*re | *rem | *remus | *rent | *res | *ret | *retis | *ri | *ria | *ribus | *ris | *rium
*u | *ua | *ueram | *ueramus | *uerant | *ueras | *uerat | *ueratis | *uerimus | *uerint | *ueris | *uerit | *ueritis | *uero | *uerunt | *ui | *uimus | *uisti | *uistis | *uit | *um | *unt | *us | *uum
Users of this page frequently write to me with questions about how to translate English to Latin or Latin to English. I have done my best to help with such translations, but there have been so many requests lately that I can no longer do so. This is probably good news for those of you who need help: I'm not a great expert myself, and no doubt made mistakes when I was trying to answer questions.
|You can hire experts to translate English to Latin or Latin to English through The Latin Translator or Classical Turns.|
The Carmenta Online Latin Classroom offers a Latin course "taught live by a real teacher" (Andrew Kuhry-Haeuser) "in an online web conferencing classroom". The International Catholic University offers a Latin Course by Thomas Sheck consisting of twelve thirty-minute lectures available in video format (DVD) or audio (CD or MP3).
Dale A. Grote offers an Online study guide to Wheelock's Latin. William Harris has provided some lively pages about Latin language and literature and several helpful Latin downloads for the Macintosh. I also recommend the Latin Teaching Materials at Saint Louis University If you have a fast Internet connection and would like to learn some Latin, try Evan Millner's Latin podcast site.
If you have a Windows, Mac, Linux, Free BSD, or DOS computer, you can download Words, a Latin dictionary program by William Whitaker. This program also offers help with word endings. On Windows computers, this program operates in a DOS window. Roger Pearse offers QuickLatin, a shareware program that uses William Whitaker's dictionary but also offers help with the translation of sentences. It requires Windows. Alexei Grishin offers a free Windows interface for William Whitaker's dictionary. Babylon offers a Latin Lookup (among many other languages).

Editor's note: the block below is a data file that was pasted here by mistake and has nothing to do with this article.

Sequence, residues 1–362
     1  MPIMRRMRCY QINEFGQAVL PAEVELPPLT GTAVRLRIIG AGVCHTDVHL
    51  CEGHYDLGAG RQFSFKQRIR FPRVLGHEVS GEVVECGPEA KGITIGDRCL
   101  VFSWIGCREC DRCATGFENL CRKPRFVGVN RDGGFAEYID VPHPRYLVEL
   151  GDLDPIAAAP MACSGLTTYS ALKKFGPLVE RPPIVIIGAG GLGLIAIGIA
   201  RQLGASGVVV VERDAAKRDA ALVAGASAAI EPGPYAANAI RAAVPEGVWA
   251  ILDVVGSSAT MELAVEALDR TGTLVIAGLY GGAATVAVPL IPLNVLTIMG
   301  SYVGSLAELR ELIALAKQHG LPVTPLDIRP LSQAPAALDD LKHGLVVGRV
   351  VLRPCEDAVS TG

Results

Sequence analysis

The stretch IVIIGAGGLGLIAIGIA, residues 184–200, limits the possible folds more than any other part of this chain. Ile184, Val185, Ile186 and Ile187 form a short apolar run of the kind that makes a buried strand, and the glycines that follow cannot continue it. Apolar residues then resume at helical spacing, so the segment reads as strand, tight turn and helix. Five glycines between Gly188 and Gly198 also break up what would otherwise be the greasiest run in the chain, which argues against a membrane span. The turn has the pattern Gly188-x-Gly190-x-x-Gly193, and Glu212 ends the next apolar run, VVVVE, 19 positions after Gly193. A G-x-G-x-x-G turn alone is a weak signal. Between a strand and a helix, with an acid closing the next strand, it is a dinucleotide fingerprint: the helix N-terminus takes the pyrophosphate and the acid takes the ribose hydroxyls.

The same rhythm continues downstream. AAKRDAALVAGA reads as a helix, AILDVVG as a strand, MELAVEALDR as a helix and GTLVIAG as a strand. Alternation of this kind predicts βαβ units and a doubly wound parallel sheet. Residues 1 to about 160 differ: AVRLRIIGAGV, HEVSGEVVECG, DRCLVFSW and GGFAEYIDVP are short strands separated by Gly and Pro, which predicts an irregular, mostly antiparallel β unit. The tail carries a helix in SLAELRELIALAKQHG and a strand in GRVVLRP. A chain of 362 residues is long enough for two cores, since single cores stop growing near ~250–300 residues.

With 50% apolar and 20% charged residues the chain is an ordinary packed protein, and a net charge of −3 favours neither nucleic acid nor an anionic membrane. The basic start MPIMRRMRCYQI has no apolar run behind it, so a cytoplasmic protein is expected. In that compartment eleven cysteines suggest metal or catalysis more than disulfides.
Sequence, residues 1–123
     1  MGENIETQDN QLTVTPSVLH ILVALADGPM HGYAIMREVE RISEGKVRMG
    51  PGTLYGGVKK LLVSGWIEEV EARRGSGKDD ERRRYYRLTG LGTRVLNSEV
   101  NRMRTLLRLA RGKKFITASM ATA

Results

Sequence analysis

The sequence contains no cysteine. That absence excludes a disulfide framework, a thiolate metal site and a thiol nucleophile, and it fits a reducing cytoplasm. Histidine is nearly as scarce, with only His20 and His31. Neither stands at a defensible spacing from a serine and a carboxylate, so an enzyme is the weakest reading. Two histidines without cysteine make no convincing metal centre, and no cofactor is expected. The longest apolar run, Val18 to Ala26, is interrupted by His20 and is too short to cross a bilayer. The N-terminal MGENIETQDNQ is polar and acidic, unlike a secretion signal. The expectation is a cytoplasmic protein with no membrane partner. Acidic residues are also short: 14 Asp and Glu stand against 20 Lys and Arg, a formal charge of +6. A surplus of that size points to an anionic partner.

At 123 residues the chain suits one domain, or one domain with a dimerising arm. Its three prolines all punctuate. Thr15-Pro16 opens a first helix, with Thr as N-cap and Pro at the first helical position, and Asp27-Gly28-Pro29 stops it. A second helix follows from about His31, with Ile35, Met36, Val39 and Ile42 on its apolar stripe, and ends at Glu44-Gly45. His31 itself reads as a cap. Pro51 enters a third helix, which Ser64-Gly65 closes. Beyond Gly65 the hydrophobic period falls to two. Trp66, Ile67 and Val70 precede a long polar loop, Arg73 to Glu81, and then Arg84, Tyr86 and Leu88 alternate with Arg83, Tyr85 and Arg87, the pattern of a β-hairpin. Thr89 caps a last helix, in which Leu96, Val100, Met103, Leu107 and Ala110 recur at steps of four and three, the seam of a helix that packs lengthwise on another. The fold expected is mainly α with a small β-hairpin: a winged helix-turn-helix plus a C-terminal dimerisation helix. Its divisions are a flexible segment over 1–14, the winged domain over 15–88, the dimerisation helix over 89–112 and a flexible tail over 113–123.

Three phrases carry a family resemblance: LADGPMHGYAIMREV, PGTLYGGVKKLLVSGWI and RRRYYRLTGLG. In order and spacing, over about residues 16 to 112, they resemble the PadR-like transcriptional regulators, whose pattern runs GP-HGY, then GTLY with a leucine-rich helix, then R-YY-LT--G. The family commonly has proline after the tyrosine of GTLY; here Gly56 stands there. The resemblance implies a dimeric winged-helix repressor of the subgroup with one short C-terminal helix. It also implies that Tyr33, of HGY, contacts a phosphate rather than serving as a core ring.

If you care to learn more about Latin grammar, try the Latin Grammar Pages. You may also find the online version of Allen and Greenough's New Latin Grammar useful. For a free Windows program to drill yourself and improve your knowledge of grammar, try Lingua Latina. For other interesting links, see the Perseus Digital Library. You might find some of the language features on Ancient / Classical History at The Mining Co. useful, too. And the Chair of Classical Philology at the University of Tartu has a helpful list of Latin resources.
Wikibooks offers an elementary Latin textbook. My Spanish Dictionary has a page of links to help with Latin word roots, including the Online Etymology Dictionary. If you don't mind using an old-fashioned book from time to time, Mark D. Vanderbilt recommends the Dictionary of Word Roots and Combining Forms by Donald J. Borror, Ohio State University (Mayfield Publishing Company, 1988) ISBN 0-87484-053-8.
For Latin and other languages, see your dictionary. Or try Anthony Goubard's Online Dictionaries, which allows for translations between many languages, including Latin.
Vladimir Goncharov recommends Fine Dictionary.
For information on Roman numerals and dates, see Paul Lewis's page.
Elan has created a blog called Learn a Language on YouTube.
If you like Scrabble, try The Latin Game.
Kailyn has found the Origin of Words page useful.
Marijn Brouckaert has written a picture book, Invisibile, and has provided translations in 27 languages including Latin.
Andrew Girardin has a page that explains the Latin jokes in Asterix comics.
I made the most recent changes on this page 16 September 2015.
Wm. Kevin Cawley
University of Notre Dame Archives